A hollow shaft 54 is also mounted for rotation on the frame 26 by roller bearings 56. The axis of rotation 65 of hollow shaft 54 is again parallel to the rotational axes of drive shaft 36 and intermediate shaft 38. The hollow shaft 54 is rotated by the intermediate shaft 38 by a drive belt 58 positioned about drive gear 60 on intermediate shaft 38 and driven gear 62 on hollow shaft 54.
A brush shaft 64 passes through the hollow core of the shaft 54 and is secured thereto for rotation about the axis 65 also. The brush shaft includes a reduced diameter portion 66 which extends through the hollow shaft 54 and ends with a threaded end 68. At the opposite end of the portion 66 is outwardly directed conical wedge portion 70. The brush shaft 64 is secured to the hollow shaft 54 by threading nut 72 with washer 74 on the threaded end 68 and wedging the conical wedge portion 70 against the lower opening of the hollow shaft 54 so that the brush shaft 64 rotates with the hollow shaft 54.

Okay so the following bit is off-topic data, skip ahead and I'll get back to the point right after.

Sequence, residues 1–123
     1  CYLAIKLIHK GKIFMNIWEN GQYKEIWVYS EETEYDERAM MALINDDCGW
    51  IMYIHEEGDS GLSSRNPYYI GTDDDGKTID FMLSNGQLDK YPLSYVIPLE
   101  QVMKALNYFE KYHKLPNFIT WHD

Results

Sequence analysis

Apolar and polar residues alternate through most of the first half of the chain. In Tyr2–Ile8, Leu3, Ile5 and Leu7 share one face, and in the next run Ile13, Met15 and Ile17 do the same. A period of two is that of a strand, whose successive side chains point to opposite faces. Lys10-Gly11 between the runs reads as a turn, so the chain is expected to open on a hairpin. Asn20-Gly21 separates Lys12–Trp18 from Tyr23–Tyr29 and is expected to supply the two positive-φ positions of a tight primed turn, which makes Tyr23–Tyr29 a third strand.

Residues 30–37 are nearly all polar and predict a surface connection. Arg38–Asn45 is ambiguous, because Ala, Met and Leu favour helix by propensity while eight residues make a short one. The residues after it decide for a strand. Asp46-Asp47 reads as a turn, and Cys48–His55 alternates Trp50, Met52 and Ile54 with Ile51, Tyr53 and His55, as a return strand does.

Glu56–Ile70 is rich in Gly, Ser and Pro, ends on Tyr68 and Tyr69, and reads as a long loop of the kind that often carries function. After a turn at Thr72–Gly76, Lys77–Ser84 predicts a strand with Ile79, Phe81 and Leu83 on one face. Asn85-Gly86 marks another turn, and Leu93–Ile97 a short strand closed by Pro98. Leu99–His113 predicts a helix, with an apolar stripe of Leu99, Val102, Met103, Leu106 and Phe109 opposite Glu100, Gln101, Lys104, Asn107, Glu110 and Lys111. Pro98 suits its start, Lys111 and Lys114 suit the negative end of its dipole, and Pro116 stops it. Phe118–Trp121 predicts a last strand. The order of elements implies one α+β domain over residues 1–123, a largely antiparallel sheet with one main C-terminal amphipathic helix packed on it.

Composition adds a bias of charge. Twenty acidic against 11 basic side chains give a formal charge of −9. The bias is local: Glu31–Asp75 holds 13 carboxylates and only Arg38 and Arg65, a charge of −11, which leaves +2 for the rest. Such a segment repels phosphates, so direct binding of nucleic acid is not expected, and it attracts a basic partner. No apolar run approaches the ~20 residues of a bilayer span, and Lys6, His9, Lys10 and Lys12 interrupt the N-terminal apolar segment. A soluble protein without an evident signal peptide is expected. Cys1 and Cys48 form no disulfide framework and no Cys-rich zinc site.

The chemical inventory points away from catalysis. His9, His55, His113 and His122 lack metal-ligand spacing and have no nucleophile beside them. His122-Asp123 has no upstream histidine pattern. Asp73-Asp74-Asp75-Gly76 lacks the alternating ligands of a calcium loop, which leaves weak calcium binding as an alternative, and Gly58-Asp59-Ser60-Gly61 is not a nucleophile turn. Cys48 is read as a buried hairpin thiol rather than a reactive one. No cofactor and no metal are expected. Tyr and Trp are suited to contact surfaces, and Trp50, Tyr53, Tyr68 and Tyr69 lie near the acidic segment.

Brush shaft 64 forms a mount for a plurality of individual cleaning brushes 76 which have a disc-like appearance as best seen in FIGS. 4, 5 and 6. The individual brushes are formed by bristles 78 which are folded at their middle about an annular piece 80. The bristles are secured against the annular piece 80 by a hub 82 which compresses the bristles between the annular piece 80 and the sides of the hub 82. In the embodiment illustrated in FIGS. 1-4, the cross section of the brush shaft 64 perpendicular the axis 65 is circular. The hub 82 has a circular hole formed therethrough so that the brushes can slide along the brush section 75 of the brush shaft 64. The cleaning brushes 76 are compressed between an end plate 84 which is bolted to the end of the brush section 75 by a bolt 86 and a nut 88 and washer 90 with nut 88 being threaded on an elongate threaded section 92 of the section 75. The cleaning brushes 76 are compressed between the nut 88 and end plate 84 sufficiently so that the brushes rotate with the brush shaft 64. To enhance the rotational attachment of the brushes to the brush shaft, annular rubber spacers 94 can be positioned between each of the brushes 76.